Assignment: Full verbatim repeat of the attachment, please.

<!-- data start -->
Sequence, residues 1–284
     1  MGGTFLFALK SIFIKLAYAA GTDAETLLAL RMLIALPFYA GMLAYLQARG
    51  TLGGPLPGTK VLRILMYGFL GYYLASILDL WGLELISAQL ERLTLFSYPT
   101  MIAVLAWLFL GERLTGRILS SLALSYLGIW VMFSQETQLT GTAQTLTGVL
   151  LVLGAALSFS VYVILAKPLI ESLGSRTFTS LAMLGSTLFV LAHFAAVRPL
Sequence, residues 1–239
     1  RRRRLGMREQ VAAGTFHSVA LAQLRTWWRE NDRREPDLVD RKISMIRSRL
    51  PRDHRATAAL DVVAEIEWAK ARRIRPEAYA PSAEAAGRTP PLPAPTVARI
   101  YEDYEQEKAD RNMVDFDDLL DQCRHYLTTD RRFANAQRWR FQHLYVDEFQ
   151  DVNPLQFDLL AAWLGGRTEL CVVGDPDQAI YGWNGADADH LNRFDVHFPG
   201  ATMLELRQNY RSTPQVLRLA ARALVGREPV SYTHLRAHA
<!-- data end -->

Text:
Sequence, residues 1–284
     1  MGGTFLFALK SIFIKLAYAA GTDAETLLAL RMLIALPFYA GMLAYLQARG
    51  TLGGPLPGTK VLRILMYGFL GYYLASILDL WGLELISAQL ERLTLFSYPT
   101  MIAVLAWLFL GERLTGRILS SLALSYLGIW VMFSQETQLT GTAQTLTGVL
   151  LVLGAALSFS VYVILAKPLI ESLGSRTFTS LAMLGSTLFV LAHFAAVRPL
Sequence, residues 1–239
     1  RRRRLGMREQ VAAGTFHSVA LAQLRTWWRE NDRREPDLVD RKISMIRSRL
    51  PRDHRATAAL DVVAEIEWAK ARRIRPEAYA PSAEAAGRTP PLPAPTVARI
   101  YEDYEQEKAD RNMVDFDDLL DQCRHYLTTD RRFANAQRWR FQHLYVDEFQ
   151  DVNPLQFDLL AAWLGGRTEL CVVGDPDQAI YGWNGADADH LNRFDVHFPG
   201  ATMLELRQNY RSTPQVLRLA ARALVGREPV SYTHLRAHA